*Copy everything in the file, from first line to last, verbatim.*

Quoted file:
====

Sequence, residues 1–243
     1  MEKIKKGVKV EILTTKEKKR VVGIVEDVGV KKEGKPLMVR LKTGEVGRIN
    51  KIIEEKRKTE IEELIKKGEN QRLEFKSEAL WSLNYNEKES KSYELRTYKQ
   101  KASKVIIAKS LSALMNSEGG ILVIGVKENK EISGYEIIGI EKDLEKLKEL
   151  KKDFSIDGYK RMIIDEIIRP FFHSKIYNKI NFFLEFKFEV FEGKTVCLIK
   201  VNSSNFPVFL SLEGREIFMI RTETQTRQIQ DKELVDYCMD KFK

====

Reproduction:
Sequence, residues 1–243
     1  MEKIKKGVKV EILTTKEKKR VVGIVEDVGV KKEGKPLMVR LKTGEVGRIN
    51  KIIEEKRKTE IEELIKKGEN QRLEFKSEAL WSLNYNEKES KSYELRTYKQ
   101  KASKVIIAKS LSALMNSEGG ILVIGVKENK EISGYEIIGI EKDLEKLKEL
   151  KKDFSIDGYK RMIIDEIIRP FFHSKIYNKI NFFLEFKFEV FEGKTVCLIK
   201  VNSSNFPVFL SLEGREIFMI RTETQTRQIQ DKELVDYCMD KFK